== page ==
|Stem torsion in total hip replacement.|
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|PMID: 20919811 Owner: NLM Status: MEDLINE|
|BACKGROUND AND PURPOSE: The clinical results of THR may be improved by correct femoral torsion. We evaluated the stem position by postoperative CT examination in 60 patients.
METHODS: 60 patients requiring total hip arthroplasty were prospectively enrolled in this study. Minimally invasive THR was performed (anterior approach) in a lateral decubitus position and each patient underwent a postoperative CT examination. The position of the stem was evaluated by an independent external institution.
RESULTS: Stem torsion ranged from – 19° retrotorsion to 33° antetorsion. Normal antetorsion (i.e 10–15° according to Tönnis) was present in 5 of 60 patients, so the prevalence of abnormal stem antetorsion was 92% (95% CI: 82–97). We found a stem antetorsion outside the range of 0–25° in 21 of 60 hips. Women had a higher mean stem antetorsion (8.0° (SD 11)) than men (1.5° (SD 10)).
INTERPRETATION: Postoperative stem antetorsion shows a high variability and is gender-related. We suggest precise assessment of stem antetorsion intraoperatively by means of computer navigation, preparing the femur first. In abnormal stem antetorsion, the cup position can be adjusted using a combined anteversion concept; alternatively, modular femoral components or stems with retroverted or anteverted necks ("retrostem") could be used.
|Ernst Sendtner; Schuster Tibor; Roman Winkler; Michael Wörner; Joachim Grifka; Tobias Renkawitz|
|Type: Journal Article|
|Title: Acta orthopaedica Volume: 81 ISSN: 1745-3682 ISO Abbreviation: Acta Orthop Publication Date: 2010 Oct|
|Created Date: 2010-10-08 Completed Date: 2010-10-14 Revised Date: 2013-07-03|
Medline Journal Info:
|Nlm Unique ID: 101231512 Medline TA: Acta Orthop Country: England|
|Languages: eng Pagination: 579-82 Citation Subset: IM|
|Department of Orthopedic Surgery, Regensburg University Medical Center, Regensburg, Germany. firstname.lastname@example.org|
|APA/MLA Format Download EndNote Download BibTex|
Aged, 80 and over
Arthroplasty, Replacement, Hip / adverse effects*
Femur / radiography
Hip Prosthesis / adverse effects
Osteoarthritis, Hip / surgery
Pelvis / radiography
Range of Motion, Articular
Reproducibility of Results
Tomography, X-Ray Computed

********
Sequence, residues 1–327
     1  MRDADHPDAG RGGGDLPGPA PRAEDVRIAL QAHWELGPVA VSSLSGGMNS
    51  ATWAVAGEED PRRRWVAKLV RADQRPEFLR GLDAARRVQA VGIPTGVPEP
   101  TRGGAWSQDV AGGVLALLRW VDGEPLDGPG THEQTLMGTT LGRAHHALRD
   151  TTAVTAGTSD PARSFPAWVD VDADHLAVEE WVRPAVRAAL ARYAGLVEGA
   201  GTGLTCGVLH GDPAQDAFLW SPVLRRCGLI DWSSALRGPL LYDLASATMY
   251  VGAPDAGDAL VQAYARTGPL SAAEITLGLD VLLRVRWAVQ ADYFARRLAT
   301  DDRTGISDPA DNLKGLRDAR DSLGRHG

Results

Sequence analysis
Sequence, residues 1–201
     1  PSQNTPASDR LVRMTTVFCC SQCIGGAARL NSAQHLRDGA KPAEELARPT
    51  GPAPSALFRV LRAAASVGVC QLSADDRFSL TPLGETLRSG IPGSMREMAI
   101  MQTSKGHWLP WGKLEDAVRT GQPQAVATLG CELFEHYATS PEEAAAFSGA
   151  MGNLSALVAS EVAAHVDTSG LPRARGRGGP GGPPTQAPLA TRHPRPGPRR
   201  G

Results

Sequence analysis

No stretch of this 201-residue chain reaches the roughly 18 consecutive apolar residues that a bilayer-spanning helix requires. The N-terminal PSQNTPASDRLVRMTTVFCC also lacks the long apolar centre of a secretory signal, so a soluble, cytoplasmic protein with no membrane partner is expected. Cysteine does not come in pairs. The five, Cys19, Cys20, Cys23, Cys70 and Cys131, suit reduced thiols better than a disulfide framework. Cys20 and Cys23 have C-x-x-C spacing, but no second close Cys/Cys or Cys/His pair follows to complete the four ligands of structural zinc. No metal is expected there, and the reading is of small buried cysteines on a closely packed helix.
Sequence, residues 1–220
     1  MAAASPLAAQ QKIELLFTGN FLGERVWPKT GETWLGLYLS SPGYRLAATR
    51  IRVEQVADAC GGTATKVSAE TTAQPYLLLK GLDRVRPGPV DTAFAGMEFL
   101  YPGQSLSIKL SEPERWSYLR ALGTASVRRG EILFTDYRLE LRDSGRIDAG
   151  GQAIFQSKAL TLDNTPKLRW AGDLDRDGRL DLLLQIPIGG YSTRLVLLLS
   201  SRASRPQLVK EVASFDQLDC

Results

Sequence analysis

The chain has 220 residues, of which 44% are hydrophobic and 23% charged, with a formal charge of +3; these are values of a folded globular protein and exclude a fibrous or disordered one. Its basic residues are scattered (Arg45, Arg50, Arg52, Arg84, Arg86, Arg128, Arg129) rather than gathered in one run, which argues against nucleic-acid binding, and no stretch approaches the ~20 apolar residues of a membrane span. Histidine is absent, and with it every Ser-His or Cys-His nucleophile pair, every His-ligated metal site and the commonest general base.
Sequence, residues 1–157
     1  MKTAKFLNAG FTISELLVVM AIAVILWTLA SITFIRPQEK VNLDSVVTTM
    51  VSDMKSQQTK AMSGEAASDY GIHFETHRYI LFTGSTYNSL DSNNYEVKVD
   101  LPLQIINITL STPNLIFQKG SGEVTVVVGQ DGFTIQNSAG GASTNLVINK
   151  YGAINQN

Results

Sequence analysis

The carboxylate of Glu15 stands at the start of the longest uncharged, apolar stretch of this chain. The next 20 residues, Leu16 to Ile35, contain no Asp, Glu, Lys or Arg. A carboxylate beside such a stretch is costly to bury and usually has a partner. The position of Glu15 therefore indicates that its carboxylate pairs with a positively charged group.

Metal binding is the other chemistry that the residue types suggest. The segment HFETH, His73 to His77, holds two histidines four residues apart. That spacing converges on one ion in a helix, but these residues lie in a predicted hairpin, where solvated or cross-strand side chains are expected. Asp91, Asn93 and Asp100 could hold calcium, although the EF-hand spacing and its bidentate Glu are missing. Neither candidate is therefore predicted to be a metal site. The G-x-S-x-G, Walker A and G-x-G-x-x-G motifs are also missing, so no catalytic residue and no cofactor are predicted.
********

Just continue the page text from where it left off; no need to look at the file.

Journal ID (nlm-ta): Acta Orthop
Journal ID (publisher-id): ORT
Publisher: Informa Healthcare
Copyright: © Nordic Orthopaedic Federation
Received Day: 28 Month: 12 Year: 2009
Accepted Day: 08 Month: 6 Year: 2010
Print publication date: Month: 10 Year: 2010
Electronic publication date: Day: 08 Month: 10 Year: 2010
Volume: 81 Issue: 5
First Page: 579 Last Page: 582
PubMed Id: 20919811
Publisher Id: ORT_A_524596_O
|Stem torsion in total hip replacement : CT measurements in 60 patients|
1Department of Orthopedic Surgery, Regensburg University Medical Center, Regensburg
2Institute of Medical Statistics and Epidemiology, Munich Technical University, Munich, Germany
|Correspondence: Correspondence: email@example.com
Femoral antetorsion, considered to be normal within 10–15° (Tönnis and Heinecke 1999), may influence the function of total hip replacement. A consistent method of measuring femoral antetorsion was described by Murphy et al. (1987). Since then, there have been reports on femoral antetorsion measured by means of anatomical investigations or CT scans with or without 3D reconstruction, but relatively little has been reported about stem antetorsion. We investigated stem antetorsion after total hip replacement by use of CT scans and 3D reconstructions. We hypothesized that postoperative stem antetorsion shows a high variability as it is reported for the native femoral antetorsion. In addition to presenting our results, we discuss the implications of stem antetorsion for work flow techniques and implant design in total hip replacement.
This study was conducted after obtaining authorization by the institutional ethical board (no. 06/100) and the Federal Office for Radiation Protection (Z5-22462/2-2007-008). Between September 2007 and October 2008, 60 patients requiring total hip arthroplasty for primary osteoarthritis were prospectively enrolled in this single-center study. Exclusion criteria were arthritis secondary to hip dysplasia, posttraumatic deformities of the pelvis, and age below 50 years at the time of surgery. After having obtained written consent from each patient regarding participation, we inserted the uncemented stem using minimally invasive hip arthroplasty. Each patient underwent a pelvic CT examination 3–5 weeks after surgery. The mean age of the 60 patients (38 women) was 68 (50–81) years.
All operations were done by 2 senior consultants through a direct anterior approach with the patient in a lateral decubitus position (Michel and Witschger 2007). We used press-fit cup components (Pinnacle; DePuy, Warsaw, IN) and cement-free hydroxyapatite-coated straight (0° antetorsion) stems (Corail; DePuy). The stem was inserted in the most stable position possible provided by the individual anatomy; no attempt was made to achieve a particular stem antetorsion.
The position of the stem component on the CT scan was evaluated by an independent external institution (MeVisLab; MeVis, Bremen, Germany). The position of the femoral component was measured 3 times by 3 independent examiners on a 3D reconstruction of the pelvis with image-processing software, using the following method (Figure 1). The stem antetorsion is aligned within the mechanical axis of the femur and dorsal plane of the femoral condyles. The measurment is done without defining the anatomical axis. First, a caudal and dorsal plane of the femoral condyles is defined to calculate the condylar axis. After that, the mechanical axis of the femur is defined by 2 points: the center of the caudal contact points of the femoral condyles and the center of the femoral head. Finally, a third reference point on the prosthesis is defined so that the vector created, originating from this point pointing towards the center of the femoral head, represents the neck of the prosthesis. Now, the normal vector of the plane created from this reference point and both points of the mechanical axis is calculated. The resulting normal vector and the condylar axis are projected onto a plane that is orthogonal to the mechanical axis. We calculated the angle between these vectors and subtracted 90º. The result is the femoral stem antetorsion.